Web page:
The Woman in Black
, a two-person play that's another perfect choice for Yellow Tree Theatre
's intimate space, is a story-within-a-story. It takes a minute to figure out what's going on and really get into it, but once you do, it doesn't let you go. The story that's being told is a spooky ghost story, beautifully told through the structure of the play, the two marvelous actors, and the extremely effective lighting and sound effects. It's a deliciously chilling experience that had me squirming in my seat!
The play begins when Nathaniel Fuller
, one of the aforementioned marvelous actors, both of whom have been acting on stages around town for decades, enters the crowded dusty stage that looks like a cluttered attic, full of old furniture, crates, and boxes. He sits there in awkward silence for several minutes while the audience waits for the action to start. It was in this moment of silence that J.C. Cutler
popped up behind me and spoke the first words of the play, scaring the bejeebers out of me (a feeling that was only just beginning). It soon became clear that Nathaniel is playing a man called Arthur Kipps who has decided to work through a traumatic event in his past by writing it down as a play. J.C. is the actor who helps him tell his story. Eventually we get to the meat of the story, with the actor portraying Kipps as he journeys to a remote part of England to close the estate of a recently deceased client. Kipps himself plays all of the other roles in the story, and as the play-within-a-play goes on he gets more and more comfortable in the telling. The two occasionally break out of character to discuss things, or if Kipps is too upset with the subject matter, hinting at the terror to come. It's a clever way to tell the story, on the one hand the characters are sort of outside of it, but on the other hand they're totally immersed in it.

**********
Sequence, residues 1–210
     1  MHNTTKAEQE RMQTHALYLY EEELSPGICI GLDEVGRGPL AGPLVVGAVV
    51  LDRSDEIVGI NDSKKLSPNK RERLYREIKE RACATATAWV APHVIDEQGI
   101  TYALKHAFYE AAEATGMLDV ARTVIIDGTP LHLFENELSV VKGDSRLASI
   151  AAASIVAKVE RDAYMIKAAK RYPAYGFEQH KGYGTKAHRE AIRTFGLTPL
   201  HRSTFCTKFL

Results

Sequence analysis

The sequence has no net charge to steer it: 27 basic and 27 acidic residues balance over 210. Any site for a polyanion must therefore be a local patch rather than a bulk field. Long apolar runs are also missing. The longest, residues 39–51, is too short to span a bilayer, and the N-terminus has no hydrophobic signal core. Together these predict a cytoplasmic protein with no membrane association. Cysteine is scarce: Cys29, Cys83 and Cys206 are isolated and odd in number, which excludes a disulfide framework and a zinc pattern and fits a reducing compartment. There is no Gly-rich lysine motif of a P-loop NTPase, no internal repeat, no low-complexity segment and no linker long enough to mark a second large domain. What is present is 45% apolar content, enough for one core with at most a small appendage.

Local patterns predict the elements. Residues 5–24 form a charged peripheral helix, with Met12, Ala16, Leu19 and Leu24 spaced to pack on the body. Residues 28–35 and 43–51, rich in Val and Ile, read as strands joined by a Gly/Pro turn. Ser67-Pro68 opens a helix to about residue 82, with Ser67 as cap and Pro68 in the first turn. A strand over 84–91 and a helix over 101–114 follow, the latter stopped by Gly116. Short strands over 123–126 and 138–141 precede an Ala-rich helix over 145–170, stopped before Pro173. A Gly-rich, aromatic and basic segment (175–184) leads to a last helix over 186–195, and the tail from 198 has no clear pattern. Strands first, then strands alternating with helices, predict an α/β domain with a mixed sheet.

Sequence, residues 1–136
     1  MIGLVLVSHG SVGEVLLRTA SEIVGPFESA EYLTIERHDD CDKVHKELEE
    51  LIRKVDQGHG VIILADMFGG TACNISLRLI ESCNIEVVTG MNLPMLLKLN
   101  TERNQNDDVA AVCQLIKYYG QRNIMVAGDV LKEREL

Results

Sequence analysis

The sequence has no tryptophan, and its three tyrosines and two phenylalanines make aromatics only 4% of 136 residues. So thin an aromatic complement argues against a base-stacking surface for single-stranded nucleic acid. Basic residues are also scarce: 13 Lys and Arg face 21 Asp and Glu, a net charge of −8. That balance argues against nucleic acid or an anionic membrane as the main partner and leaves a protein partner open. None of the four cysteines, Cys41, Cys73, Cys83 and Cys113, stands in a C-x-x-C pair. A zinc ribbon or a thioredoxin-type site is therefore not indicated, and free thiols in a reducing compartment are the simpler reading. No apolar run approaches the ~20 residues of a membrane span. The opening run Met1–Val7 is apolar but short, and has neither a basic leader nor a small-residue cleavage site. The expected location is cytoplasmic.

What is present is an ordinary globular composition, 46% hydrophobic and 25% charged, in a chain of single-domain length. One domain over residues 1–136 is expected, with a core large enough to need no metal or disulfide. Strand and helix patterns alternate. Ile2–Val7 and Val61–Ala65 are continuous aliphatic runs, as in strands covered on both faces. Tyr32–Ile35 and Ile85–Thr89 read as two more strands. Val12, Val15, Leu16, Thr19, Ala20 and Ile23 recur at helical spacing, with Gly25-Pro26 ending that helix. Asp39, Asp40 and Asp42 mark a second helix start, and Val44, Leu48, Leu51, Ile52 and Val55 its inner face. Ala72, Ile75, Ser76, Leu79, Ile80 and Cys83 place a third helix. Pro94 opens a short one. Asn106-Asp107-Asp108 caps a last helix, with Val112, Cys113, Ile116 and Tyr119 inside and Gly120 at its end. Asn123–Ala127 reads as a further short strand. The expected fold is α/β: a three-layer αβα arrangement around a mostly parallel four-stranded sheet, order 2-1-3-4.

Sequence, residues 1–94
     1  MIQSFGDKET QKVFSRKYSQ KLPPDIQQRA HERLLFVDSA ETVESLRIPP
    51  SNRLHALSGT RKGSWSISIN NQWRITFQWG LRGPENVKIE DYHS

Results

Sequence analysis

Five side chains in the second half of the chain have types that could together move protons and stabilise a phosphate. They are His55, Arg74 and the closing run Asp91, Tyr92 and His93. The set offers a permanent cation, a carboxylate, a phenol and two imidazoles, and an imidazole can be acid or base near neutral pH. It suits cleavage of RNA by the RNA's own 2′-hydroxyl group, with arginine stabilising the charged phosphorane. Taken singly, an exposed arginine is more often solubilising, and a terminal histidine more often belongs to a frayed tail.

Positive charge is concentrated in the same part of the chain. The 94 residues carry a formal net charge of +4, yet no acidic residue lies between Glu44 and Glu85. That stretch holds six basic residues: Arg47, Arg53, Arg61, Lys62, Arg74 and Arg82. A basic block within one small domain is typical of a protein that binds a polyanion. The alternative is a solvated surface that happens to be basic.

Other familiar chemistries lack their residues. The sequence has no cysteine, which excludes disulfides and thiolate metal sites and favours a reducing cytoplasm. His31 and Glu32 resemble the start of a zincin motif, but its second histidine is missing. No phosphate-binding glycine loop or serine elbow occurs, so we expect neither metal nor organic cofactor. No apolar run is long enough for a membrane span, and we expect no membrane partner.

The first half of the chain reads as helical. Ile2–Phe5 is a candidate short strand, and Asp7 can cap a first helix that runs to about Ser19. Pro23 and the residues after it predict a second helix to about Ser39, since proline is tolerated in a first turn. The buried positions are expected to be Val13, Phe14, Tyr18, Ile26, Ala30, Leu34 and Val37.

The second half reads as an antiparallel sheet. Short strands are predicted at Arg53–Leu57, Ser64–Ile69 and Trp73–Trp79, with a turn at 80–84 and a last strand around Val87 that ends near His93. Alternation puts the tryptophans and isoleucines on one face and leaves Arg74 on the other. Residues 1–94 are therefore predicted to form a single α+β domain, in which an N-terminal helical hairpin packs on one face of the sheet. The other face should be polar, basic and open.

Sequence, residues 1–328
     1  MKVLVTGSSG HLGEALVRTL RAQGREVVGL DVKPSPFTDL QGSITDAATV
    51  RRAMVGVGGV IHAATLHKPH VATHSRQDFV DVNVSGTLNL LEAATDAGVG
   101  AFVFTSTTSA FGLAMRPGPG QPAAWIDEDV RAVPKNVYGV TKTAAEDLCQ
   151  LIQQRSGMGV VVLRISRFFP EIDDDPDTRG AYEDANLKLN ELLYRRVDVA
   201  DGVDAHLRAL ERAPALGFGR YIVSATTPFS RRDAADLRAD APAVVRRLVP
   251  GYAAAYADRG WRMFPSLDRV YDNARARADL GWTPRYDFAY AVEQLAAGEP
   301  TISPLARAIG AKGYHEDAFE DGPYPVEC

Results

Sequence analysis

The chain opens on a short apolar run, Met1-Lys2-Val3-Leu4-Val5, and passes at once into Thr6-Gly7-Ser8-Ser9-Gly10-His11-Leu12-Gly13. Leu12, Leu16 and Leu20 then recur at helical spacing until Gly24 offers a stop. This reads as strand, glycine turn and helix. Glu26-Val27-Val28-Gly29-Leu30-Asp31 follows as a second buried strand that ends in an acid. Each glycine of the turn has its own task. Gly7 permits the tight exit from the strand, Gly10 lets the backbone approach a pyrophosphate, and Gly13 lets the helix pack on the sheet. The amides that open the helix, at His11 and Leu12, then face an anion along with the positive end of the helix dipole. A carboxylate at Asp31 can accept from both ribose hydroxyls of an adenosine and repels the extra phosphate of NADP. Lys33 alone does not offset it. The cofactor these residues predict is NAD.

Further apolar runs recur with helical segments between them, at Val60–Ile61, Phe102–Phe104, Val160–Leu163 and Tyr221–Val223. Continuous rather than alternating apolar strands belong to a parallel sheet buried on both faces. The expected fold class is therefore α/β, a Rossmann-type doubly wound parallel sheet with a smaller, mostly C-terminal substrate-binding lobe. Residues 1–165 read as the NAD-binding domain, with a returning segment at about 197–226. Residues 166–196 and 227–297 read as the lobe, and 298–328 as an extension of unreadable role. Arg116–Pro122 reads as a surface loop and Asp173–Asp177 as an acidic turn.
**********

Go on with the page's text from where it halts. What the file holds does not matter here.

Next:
|Nathaniel Fuller (photo by Keri Pickett)|
And the story they're telling is a spooky one. I won't go into details because the unfolding of it all is too much fun. But suffice it to say it involves an unwed mother, a remote location, a horrible accident, thick mist, and a not very nice ghost. All of it is told in such vivid detail that you can almost see the deserted old house on the island. The lighting and sound design are crucial to the telling of the story. The play goes from full lights to complete blackness, and everything in between, with lights occasionally illuminating areas behind curtains onstage, including a cemetery and a child's bedroom, or flashing to reveal the woman in black herself appearing as if out of nowhere. Sounds seem to come from all directions, whether it's the sound of a horse trotting, or the house creaking, or a woman screaming. Suddenly you're on high alert, starting at every sound in the theater, even if it's just someone rustling in the seat next to you. Add to this two actors who can so easily slip into the skin (and specific accent) of these characters and take you along on their journey, and a director (Jon Cranney) who knows how to put all the pieces together, and you have a thoroughly chilling effect (lighting design by Sue Ellen Berger, sound design by Montana Johnson, and set design by Robin McIntyre).
The Woman in Black
|J.C. Cutler (photo by Keri Pickett)|
is a fine example of the power of storytelling to transport you to another place and time. And scare the crap out of you. I haven't been this scared at the theater since this other spooky ghost story
a few years ago. It's kind of fun to be terrified in that good old-fashioned ghost story kind of way, as opposed to the real and scary things in the world today. Head to Yellow Tree Theatre in Osseo for some spooky storytelling at it's finest (playing now through March 8